An acoustic neuroma is a slow-growing tumor of the nerve that connects the ear to the brain. This nerve is located behind the ear right under the brain.
An acoustic neuroma is benign, which means it does not spread to other parts of the body or invade the tissue around it. However, it can damage several important nerves as it grows.
Vestibular schwannoma; Tumor - acoustic; Cerebellopontine angle tumor; Angle tumor
An acoustic neuroma is believed to occur when there is a defect in a gene that normally prevents tumors from forming. The cause of the genetic defect is not known. However, acoustic neuroma can be linked with the genetic disorder neurofibromatosis type 2 (NF2).
Acoustic neuromas are relatively uncommon.
The symptoms vary based on the size and location of the tumor. Because the tumor grows so slowly, symptoms usually start after the age of 30.
Common symptoms include:
Less common symptoms include:
The health care provider may diagnose an acoustic neuroma based on your medical history, an examination of your nervous system, or tests.
Often, the physical exam is normal at the time the tumor is diagnosed. Occasionally, the following signs may be present:
The most useful test to identify an acoustic neuroma is an MRI of the head. Other useful tests to diagnose the tumor and tell it apart from other causes of dizziness or vertigo include:
Depending on the size and location of the tumor, you and your health care provider must decide whether to watch the tumor (observation) or try to remove the tumor.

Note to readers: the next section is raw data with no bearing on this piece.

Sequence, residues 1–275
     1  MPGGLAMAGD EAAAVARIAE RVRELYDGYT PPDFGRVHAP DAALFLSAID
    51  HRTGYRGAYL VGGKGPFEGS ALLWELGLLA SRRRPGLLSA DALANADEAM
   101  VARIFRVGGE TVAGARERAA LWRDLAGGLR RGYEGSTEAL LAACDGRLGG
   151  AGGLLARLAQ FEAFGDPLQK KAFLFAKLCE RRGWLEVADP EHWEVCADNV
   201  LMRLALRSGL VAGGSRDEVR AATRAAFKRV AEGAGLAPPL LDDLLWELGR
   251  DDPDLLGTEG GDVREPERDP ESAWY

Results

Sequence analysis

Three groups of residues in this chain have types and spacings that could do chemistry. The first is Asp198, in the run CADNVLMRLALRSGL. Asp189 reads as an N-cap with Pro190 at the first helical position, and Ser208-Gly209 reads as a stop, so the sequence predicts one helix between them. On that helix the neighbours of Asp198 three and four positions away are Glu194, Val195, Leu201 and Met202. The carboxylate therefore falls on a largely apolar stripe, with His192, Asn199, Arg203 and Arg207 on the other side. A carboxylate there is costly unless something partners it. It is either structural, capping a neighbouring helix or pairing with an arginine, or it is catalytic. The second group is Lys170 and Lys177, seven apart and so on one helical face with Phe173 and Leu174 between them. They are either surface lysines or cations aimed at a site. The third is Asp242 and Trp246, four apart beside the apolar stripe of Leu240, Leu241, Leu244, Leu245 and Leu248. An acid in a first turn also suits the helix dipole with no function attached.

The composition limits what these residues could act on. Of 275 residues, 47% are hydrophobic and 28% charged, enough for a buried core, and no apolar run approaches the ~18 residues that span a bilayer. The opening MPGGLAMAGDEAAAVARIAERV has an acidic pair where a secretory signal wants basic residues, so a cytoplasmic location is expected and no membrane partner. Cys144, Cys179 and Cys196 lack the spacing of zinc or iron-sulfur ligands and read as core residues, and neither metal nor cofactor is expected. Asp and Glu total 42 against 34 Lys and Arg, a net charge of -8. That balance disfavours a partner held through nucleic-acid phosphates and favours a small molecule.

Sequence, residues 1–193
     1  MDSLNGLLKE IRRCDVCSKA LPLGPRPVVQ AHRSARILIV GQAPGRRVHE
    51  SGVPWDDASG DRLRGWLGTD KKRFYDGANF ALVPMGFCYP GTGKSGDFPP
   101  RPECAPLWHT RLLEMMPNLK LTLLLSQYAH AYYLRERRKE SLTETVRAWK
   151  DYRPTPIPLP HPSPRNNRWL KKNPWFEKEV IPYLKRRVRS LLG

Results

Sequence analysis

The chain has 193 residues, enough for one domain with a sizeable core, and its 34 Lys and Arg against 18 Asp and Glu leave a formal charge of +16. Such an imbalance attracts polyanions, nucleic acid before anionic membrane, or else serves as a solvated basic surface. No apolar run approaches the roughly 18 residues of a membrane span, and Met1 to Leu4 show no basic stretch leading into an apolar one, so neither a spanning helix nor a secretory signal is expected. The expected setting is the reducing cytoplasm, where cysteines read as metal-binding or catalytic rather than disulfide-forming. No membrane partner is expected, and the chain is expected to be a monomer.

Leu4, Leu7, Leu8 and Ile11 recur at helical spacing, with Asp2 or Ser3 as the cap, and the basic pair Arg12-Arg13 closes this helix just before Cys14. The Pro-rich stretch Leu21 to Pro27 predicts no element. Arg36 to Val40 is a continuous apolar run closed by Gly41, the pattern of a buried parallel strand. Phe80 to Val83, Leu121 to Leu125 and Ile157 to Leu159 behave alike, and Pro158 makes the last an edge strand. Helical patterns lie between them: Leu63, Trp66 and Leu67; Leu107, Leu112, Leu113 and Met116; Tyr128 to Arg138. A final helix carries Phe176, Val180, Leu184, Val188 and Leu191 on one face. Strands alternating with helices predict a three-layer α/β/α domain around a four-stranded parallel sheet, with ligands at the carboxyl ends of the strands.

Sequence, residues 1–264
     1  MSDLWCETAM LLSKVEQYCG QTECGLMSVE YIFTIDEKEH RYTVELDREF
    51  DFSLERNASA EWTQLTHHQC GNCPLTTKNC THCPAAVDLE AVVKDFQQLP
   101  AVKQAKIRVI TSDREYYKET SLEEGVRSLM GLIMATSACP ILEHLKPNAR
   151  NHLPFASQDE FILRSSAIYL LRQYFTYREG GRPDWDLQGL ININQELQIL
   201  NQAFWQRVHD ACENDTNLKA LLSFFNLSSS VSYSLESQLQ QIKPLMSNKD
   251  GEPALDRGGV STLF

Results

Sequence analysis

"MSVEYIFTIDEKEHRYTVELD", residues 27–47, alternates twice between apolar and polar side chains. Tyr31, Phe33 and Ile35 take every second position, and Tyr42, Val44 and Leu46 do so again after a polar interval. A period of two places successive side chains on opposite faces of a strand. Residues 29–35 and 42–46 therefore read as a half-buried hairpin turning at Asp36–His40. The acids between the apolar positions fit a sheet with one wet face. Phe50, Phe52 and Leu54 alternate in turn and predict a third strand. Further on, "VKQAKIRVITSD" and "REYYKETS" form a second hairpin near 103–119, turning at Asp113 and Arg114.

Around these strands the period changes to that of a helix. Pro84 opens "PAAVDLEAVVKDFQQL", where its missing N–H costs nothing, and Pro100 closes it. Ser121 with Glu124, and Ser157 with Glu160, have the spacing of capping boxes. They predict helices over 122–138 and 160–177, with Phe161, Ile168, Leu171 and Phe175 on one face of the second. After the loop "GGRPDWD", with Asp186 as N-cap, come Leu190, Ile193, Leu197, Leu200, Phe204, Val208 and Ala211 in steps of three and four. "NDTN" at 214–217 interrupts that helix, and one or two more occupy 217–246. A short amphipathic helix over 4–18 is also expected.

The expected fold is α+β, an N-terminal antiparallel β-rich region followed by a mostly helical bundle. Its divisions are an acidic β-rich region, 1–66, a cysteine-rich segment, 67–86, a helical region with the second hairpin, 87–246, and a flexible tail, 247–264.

Many acoustic neuromas are small and grow very slowly. Small tumors with few or no symptoms may be followed. Regular MRI scans will be done.
If they are not treated, some acoustic neuromas can damage the nerves involved in hearing, as well as the nerves responsible for movement and feeling in the face. Very large tumors can lead to a buildup of fluid (hydrocephalus) in the brain, which can be life-threatening.
Removing an acoustic neuroma is more commonly done for:
Surgery is done to remove the tumor and prevent further hearing loss or other nerve damage.
Stereotactic radiosurgery focuses high-powered x-rays on a small area. It is considered to be a form of radiation therapy, not a surgical procedure. It may be used:
Removing an acoustic neuroma can damage nerves, causing loss of hearing or weakness in the face muscles. This damage is more likely to occur when the tumor is next to or around the nerves.
An acoustic neuroma is not cancer. The tumor does not spread (metastasize) to other parts of the body. However, it may continue to grow and press on important structures in the skull.
People with small, slow-growing tumors may not need treatment.
Once hearing loss occurs, it does not return after surgery.
Call your health care provider if you experience new or worsening hearing loss or vertigo (dizziness).
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Sweeney P, Yajnik S, Hartsell W, Bovis G, Venkatesan J. Stereotactic radiotherapy for vestibular schwannoma. Otolaryngol Clin North Am. 2009;42:655-663.